Zayd bin Harithah
Zayd bin Harithah bin Sharahil al-Kalbi, an Arab boy, was abducted in his childhood and sold as a slave. This happened before Islam. Hakim bin Hizam bin Khuwaylid purchased him in the market of 'Ukaz, and presented him to his aunt, Khadijah bint Khuwaylid, who gave him to the Holy Prophet.21 Zayd's father was searching for him. After a long time he came to know that Zayd was in Mecca. He came to Mecca and offered to pay ransom so that Zayd might be set free. The Prophet said that if Zayd wanted to be united with his family, then there was no need of any ransom. He was free to go. But Zayd declined to go with his father and preferred to remain with Muhammad. Harithah, Zayd's father, was extremely grieved and said, "O son, do you prefer to remain a slave rather than a free man? And do you prefer to leave your own father and mother for Muhammad?" Zayd said, "What I have seen of the life of Muhammad is compelling me that I should not leave him for any person". Such was the loving attitude of the Holy Prophet that it had captured the hearts of all those who came to know him. And it was this unique characteristic of his generosity which made almost the whole Arabia accept Islam within a short period of twenty three years. Anyhow, Harithah was shocked and announced in Ka'bah that from then on neither he was father of Zayd nor Zayd was his son. It was then that Prophet Muhammad announced in the hijr Isma'il (besides the Ka'bah) that "I declare that from now on Zayd is my son." Harithah, hearing this, returned to his home but in a less gloomy mood.22 Zayd bin Harithah was now called Zayd bin Muhammad. This continued till 5 AH when the following verse was revealed:
God had not made for any man two hearts in his (one) body; nor has He made your wives whom you divorce by zihar your mothers; nor has He made your adopted sons your sons. Such is (only) your (manner of) speech by your mouths. But God tells you the truth, and He shows the (right) way. Call them by (the names of) their fathers, that is better in the sight of God. (33:4-5)
Then Zayd was again called Zayd bin Harithah.23
The Prophet had married Zayd to his cousin Zaynab bin Jahash, who was the daughter of his aunt, Umaymah.24 When the couple started quarrelling and Zayd divorced Zaynab, the Prophet, on the command of Allah, married Zaynab himself. (She at that time was more than fifty years old.25 This fact alone is enough to clear away the thick cobweb of the malicious stories which the Prophet's enemies have woven around this holy marriage.)
Allah says in the Qur'an:
Then, when Zayd had dissolved (his marriage), He joined her in marriage to you in order that there may be no difficulty for the believers in the matter of marriage with the wives of their adopted sons when the latter had dissolved (their marriage) with the necessary (formality) with them, and God's command must be fulfilled. (33:37)
By these two marriages of Zaynab bin Jahash, two pagan taboos were abolished: By the first marriage, the idea of racial supremacy or the belief that being a slave or freed slave was a stigma on the dignity of the person was destroyed.26 When a cousin of the Prophet could be married to a freed slave who could frown in future on marriage of slaves with free women? (See the Qur'an 2:221)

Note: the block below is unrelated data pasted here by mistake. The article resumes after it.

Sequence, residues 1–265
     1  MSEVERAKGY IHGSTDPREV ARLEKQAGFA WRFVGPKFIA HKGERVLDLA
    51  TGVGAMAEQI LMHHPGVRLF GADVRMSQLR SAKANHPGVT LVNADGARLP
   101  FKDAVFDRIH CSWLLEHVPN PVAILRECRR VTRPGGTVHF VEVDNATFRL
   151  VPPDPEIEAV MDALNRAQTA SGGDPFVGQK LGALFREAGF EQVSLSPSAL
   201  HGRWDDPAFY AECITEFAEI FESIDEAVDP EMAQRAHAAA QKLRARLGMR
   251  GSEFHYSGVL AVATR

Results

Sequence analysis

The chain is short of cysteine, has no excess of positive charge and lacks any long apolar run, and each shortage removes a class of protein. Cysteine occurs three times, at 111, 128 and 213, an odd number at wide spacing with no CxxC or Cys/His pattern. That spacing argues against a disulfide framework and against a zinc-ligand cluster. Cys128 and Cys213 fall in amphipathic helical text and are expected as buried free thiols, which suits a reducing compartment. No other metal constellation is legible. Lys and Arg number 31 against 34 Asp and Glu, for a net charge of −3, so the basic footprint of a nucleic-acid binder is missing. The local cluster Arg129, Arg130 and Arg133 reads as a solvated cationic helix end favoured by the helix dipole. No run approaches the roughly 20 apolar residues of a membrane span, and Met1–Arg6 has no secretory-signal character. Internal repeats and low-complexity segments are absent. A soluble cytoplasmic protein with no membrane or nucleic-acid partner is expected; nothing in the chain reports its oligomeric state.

And by the second marriage, the belief that an adopted son was a real son was destroyed. When the Prophet himself did marry the divorced wife of his adopted son, then how could it be claimed that an adopted son was a real son? Thus the custom of Arabia which recognised an adopted son as a real son was most effectively abolished.27 Zayd is the only person among the companions of the Prophet to be mentioned by name in the Qur'an. He was the third person to accept Islam after Khadijah bint Khuwaylid and 'Ali bin Abi Talib. Zayd was the commander of the Muslim army sent to fight against the Christian forces at Muta. After the martyrdom of Zayd, Ja'far, the cousin of the Prophet, took over the command and he also was martyred. The Prophet was much grieved on these two deaths.28 Zayd had a son, Usamah, from his first wife, Umm Ayman. Usamah was 19 years old when he was appointed the commander of the army which consisted of all the well known companions of the Prophet, including Abu Bakr, 'Umar and 'Uthman. When some of the companions frowned upon this appointments, the Prophet delivered a lecture in which he said, "Zayd was better than you, and his son Usamah also is better than you all." Usamah was ordered by the Prophet to go with the army to avenge the death of his father at Muta.29
21. Ibn Hajar, op. cit., vol. 2, p. 45.
22. al-Majlisi, op. cit., vol. 22, pp. 314, 318; Ibn Sa'd, op. cit., vol.III:1, p. 28; Ibn Hajar, op. cit., vol. 2, pp. 45-6.
23. al-Majlisi, op. cit.; Ibn Sa'd, op. cit., vol. III, p. 29; Ibn Hajar, op. cit., vol. 7, p. 600.
24. Ibn Sa'd, op. cit., vol. 8, p. 31; Ibn Hajar, op. cit., vol. 2, p. 46, vol. 7, p. 600.
25. al-Tabataba'i, al-Mizan, 3rd ed., vol. 4 (Beirut: 1974), p. 195.
26. al-'Amili, op. cit., vol. 14, p. 43; Ibn Sa'd, op. cit., vol. VIII:1, p. 71.
27. al-Majlisi, op. cit., vol. 22, p. 187; Ibn Hajar, op. cit., vol. 7, p. 600.
28. Ibn Sa'd, op. cit., vol. III:1, p. 32; Ibn Hajar, op. cit., vol. 2, p. 47.
29. Ibn Sa'd, op. cit., vol. II:2, pp. 41-2; vol. IV:1, pp.46-7.
Adapted from the book: "Slavery; From Islamic and Christian Perspectives" by: "Sayyid Sa'eed Akhtar Rizvi"
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